I believe schools at every level of education are microcosms for the greater society. How students traverse through the school system dictates how they will navigate through the macrocosm of society. How students navigate the school system can be improved if school systems are equipped with the tools that allow staff to prepare the students better academically, socially, and emotionally. These tools are essential for students who are having a difficult time because of cultural, linguistic, psychological, or physical differences from their peers. It is crucial for the research community to continually advocate for positive change in our education system, work towards better understanding student needs, and develop effective and efficient tools that better promote student growth and outcomes.

I also believe that researchers who study school environments must explicitly study bias. We have to look at whether and how school professionals are becoming aware of and challenging their implicit biases, as well as how students are becoming aware of bias and how they deal with it—either by internalizing it or challenging it. We also must look into how challenging or accepting bias affects students emotionally, behaviorally, and academically.

What advice would you give to emerging scholars from underrepresented, minoritized groups that are pursuing a career in education research?

See your perspective and experience as assets. Your perspective is underrepresented and is needed in making necessary changes to education and education outcomes. When you view your perspective as something of value, you are better able to determine what unaddressed research questions need to be asked and to move education research in a direction that is more inclusive of every student.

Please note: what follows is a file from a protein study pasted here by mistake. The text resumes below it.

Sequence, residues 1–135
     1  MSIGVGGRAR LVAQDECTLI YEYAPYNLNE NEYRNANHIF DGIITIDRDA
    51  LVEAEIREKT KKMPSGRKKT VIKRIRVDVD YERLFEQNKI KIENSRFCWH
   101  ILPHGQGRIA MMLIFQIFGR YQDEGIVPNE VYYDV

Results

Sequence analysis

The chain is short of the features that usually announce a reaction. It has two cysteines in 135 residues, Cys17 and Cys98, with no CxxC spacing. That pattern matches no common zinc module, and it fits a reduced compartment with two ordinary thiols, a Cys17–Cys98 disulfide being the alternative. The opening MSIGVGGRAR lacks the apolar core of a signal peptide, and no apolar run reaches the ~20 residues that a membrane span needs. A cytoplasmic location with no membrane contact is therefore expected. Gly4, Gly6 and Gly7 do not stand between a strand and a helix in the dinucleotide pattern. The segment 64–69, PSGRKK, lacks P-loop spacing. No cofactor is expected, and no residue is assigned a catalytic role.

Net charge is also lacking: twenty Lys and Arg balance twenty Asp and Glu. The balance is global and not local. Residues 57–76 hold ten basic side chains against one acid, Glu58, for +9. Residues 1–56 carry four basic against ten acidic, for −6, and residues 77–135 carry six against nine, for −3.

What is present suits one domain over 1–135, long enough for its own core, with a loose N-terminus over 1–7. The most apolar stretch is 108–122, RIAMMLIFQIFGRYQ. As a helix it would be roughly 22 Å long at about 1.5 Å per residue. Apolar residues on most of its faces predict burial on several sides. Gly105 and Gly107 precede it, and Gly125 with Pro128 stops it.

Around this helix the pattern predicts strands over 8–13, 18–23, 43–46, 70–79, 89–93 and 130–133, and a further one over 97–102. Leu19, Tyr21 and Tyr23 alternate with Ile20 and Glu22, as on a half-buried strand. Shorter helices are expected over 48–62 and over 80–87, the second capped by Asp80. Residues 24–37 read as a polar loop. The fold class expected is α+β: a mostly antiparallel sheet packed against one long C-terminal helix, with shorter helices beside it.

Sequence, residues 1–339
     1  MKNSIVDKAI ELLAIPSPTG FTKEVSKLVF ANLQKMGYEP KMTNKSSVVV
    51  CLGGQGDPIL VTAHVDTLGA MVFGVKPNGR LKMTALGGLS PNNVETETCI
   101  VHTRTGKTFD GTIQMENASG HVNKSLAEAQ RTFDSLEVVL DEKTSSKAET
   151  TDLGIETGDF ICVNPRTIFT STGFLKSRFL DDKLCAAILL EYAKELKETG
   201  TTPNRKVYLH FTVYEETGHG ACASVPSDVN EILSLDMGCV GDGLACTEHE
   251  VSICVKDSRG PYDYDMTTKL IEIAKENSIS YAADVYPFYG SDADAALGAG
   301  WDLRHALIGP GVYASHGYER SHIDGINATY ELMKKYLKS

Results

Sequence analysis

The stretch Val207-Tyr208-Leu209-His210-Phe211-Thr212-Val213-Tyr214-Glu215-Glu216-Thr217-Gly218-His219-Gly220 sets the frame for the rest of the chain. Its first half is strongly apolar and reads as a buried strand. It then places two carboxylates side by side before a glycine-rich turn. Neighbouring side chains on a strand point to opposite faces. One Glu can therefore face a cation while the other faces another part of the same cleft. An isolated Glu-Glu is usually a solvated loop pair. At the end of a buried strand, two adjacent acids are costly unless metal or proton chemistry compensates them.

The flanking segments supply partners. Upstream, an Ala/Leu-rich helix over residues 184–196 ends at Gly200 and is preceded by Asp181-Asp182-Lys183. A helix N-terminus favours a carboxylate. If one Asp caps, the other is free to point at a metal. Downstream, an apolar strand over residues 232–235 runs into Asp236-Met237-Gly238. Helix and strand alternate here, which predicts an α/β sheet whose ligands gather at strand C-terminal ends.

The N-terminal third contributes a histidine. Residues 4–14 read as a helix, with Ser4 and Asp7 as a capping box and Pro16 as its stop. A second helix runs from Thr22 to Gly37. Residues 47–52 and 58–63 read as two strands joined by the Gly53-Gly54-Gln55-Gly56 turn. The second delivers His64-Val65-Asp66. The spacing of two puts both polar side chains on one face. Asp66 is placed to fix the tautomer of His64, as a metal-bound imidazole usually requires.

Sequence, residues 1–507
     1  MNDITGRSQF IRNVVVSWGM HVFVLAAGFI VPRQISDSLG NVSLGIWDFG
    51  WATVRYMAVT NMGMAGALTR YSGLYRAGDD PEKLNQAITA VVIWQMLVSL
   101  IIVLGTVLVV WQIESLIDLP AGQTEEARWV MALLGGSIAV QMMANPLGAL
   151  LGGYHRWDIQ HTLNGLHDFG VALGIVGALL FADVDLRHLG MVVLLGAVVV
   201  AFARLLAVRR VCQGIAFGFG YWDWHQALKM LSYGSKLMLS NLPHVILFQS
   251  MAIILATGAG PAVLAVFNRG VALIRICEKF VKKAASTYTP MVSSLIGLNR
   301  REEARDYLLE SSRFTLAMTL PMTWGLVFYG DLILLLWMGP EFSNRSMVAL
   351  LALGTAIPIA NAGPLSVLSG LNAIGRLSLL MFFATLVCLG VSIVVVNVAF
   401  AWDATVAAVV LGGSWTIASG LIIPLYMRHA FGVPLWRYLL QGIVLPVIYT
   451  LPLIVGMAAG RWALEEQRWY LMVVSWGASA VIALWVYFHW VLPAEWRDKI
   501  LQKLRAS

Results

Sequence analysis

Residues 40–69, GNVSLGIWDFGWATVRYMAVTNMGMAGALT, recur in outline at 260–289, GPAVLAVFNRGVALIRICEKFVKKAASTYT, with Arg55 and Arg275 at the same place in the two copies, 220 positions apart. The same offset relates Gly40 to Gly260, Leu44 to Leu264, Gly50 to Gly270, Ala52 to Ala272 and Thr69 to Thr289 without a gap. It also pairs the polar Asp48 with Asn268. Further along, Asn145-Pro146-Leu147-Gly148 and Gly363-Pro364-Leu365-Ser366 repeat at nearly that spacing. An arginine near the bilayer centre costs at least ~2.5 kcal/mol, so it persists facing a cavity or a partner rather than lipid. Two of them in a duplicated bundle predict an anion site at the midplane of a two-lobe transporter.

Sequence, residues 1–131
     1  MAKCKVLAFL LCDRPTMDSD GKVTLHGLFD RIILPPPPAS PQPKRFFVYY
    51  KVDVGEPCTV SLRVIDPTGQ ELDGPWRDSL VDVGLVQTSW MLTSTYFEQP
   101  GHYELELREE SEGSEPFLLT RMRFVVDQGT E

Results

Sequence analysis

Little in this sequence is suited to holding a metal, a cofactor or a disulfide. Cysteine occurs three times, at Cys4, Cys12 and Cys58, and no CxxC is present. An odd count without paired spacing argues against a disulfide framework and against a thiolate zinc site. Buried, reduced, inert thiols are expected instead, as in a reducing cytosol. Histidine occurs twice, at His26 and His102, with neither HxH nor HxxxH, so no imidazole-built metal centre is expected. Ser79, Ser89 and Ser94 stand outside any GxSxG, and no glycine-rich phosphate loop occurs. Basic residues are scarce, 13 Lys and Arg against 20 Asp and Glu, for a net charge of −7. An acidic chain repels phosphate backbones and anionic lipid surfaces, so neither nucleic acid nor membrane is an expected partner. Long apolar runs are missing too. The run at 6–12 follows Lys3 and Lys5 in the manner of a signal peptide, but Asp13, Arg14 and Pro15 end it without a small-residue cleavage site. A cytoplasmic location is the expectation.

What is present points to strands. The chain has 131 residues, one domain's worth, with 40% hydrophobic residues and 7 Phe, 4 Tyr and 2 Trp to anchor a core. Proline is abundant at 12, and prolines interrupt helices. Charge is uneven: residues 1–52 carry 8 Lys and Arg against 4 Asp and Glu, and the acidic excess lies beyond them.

This year, Inside IES Research is publishing a series of interviews (see here, here, and here) showcasing a diverse group of IES-funded education researchers and fellows that are making significant contributions to education research, policy, and practice. As part of our Black History Month blog series, we are focusing on African American/Black researchers and fellows as well as researchers who focus on the education of Black students.

Dr. Chynna McCall is a Senior Research Associate with the Missouri Prevention Science Institute at the University of Missouri. Prior to this position, she was an IES postdoctoral fellow in the Missouri Interdisciplinary Postdoctoral Research and Training Program training program.

Produced by Corinne Alfeld (Corinne.Alfeld@ed.gov), postdoctoral training program officer, and Katina Stapleton (Katina.Stapleton@ed.gov), co-Chair of the IES Diversity and Inclusion Council and predoctoral training program officer.

 

Supporting Native Students and Conducting Research with Tribal Communities: An Interview with Nia Gregory, Executive Director of Education of the Wilton Rancheria Tribe

The Pathways to the Education Sciences Program was designed to inspire students from groups that have been historically underrepresented in doctoral study to pursue careers in education research. Pathways Alumna, Nia Gregory, is currently the Executive Director of Education of the Wilton Rancheria Tribe. In honor of Native American Heritage Month, we asked Director Gregory, who is of Cherokee and Yuchi descent, to discuss her career journey. This is what she shared with us.

How did you become interested in a career in education?